VEGAN WEISSWEIN DINNER WITH CARMEL ROAD WINERY
Lenny Boy Lost Cove Kombucha Cocktails
Chilled Apple, Melon & Fennel Soup
Crispy Bread, Cream Cheese Schmear, 'Smoked Fish,' Onion & Tomato Powder
Monterey Pinot Grigio
Smoked Chickpea-Stuffed Baby Eggplant
Ginger, Cayenne & Maple Glaze
Mustard Greens, Baby Tomato Salad
Olive Oil Cake
House-Made Vegan Ricotta, Grilled Peaches & Summer Berry Sorbet
Monday, Aug. 20
Cocktails at 6 p.m., dinner at 7 p.m.
$60 per person
Reservations by phone only, call 704-377-1825
One step into the urban chic loft that is Crave Dessert Bar (500 W. 5th St.), and you’ve found yourself in an oasis of indulgence. Small bites and revelry converge in pairings of tapas and desserts with cocktails and hookah. No dessert better displays the love-love relationship of alcohol and sweets at Crave than the bar’s moonshine twist on the traditional apple pie, “The American.” Chef Jason Lee demonstrates the creation of the moonshine ginger apple pie in this segment of Sweet!.
A new creperie has Uptown in a French twist for breakfast and lunch. Asi Agajan, owner of Hazelnuts Creperie, began crafting sweet and savory crepes for Charlotteans on March 20. Though Hazelnuts is slightly hidden in the lobby of 200 S. Tryon, just follow the smell and sound of sizzling butter to find Agajan twirling out the batter and arranging ingredients over the griddle to make his signature crepes. In this episode of Sweet!, Agajan shows us how to make the popular Banaberry Cinn.
Pastry chef Jeanette Payne, who graduated from Johnson and Wales University in 2007, has been in the kitchen baking signature desserts like the bar cocoa — a chocolatey dessert with a Kit-Kat crunch layer on the bottom, a chocolate mousse in the center and a hazelnut gianduja glaze on the outside. On Saturdays, she hosts hands-on culinary classes where she shares her cooking knowledge and sends participants home with a book full of recipes, a box full of sweets and a belly full of sugar. Check out the first video in a brief series we've so appropriately dubbed, simply, Sweet!.
As soon as my husband spotted the fresh strawberries I bought at the the grocery store two weeks ago, he started dropping hints about a certain recipe I made last spring. It's delicious, decadent, and actually a healthy alternative to most desserts or sweet breakfasts.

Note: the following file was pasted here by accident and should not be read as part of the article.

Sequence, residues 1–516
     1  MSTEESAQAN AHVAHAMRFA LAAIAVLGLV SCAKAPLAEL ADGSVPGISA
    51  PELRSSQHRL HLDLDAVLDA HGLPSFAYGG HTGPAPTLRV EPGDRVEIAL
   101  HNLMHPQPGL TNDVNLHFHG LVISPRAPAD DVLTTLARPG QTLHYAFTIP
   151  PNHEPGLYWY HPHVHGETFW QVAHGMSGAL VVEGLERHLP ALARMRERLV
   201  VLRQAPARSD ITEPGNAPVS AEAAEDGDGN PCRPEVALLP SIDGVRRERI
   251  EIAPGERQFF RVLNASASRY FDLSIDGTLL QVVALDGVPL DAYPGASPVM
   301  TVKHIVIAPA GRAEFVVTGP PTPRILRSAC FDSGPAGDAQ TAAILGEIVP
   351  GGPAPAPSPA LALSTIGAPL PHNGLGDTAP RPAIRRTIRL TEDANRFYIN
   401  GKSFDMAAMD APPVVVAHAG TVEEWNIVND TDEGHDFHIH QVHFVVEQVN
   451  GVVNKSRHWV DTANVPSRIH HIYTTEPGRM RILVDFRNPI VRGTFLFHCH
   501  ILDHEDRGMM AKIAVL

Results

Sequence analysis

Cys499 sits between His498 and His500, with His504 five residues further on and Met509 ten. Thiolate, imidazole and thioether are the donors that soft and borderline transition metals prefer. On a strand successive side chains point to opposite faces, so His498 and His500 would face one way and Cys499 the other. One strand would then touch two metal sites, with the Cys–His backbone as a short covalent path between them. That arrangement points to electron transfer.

In fact, I think you'll find that it is pretty amazing if you love strawberries as much as I do ... which is a lot.
Juicy strawberries, flaky biscuits, creamy yogurt topping and a sweet honey drizzle. What's not to love?
Strawberries are popping up at grocery stores at great prices right now, so pick up a few quarts and make some fabulous strawberry shortcake.
Here's an oldie but goody strawberry shortcake recipe from Betty Crocker. It's totally a cheater's recipe using Bisquick mix, but it's easy and good, so who cares. Just don't tell anyone.
You can make individual shortcakes or make one giant biscuit and then just cut it into wedges like I did (this way is easier).
I was a super cheater and even used whipped cream from the can instead of whipping my own from scratch. Shhh.... It's our secret.
Classic Strawberry Shortcakes
Courtesy of Betty Crocker
Makes 6 servings
1 quart (4 cups) strawberries, sliced
1/4 cup sugar
2 1/3 cups Original Bisquick® mix
1/2 cup milk
3 tablespoons sugar
3 tablespoons butter or margarine, melted
1/2 cup whipping cream
Heat oven to 425°F. In large bowl, mix strawberries and 1/4 cup sugar; set aside. (* It's best if you let the strawberries and sugar sit for a day in the fridge)
In medium bowl, stir Bisquick mix, milk, 3 tablespoons sugar and the butter until soft dough forms. On ungreased cookie sheet, drop dough by 6 spoonfuls. (*or to makes one large shortcake, lightly spread batter in a 8" cake pan)
Bake 10 to 12 minutes or until golden brown. Meanwhile, in small bowl, beat whipping cream with electric mixer on high speed until soft peaks form.
Split warm shortcakes; fill and top with strawberries and whipped cream.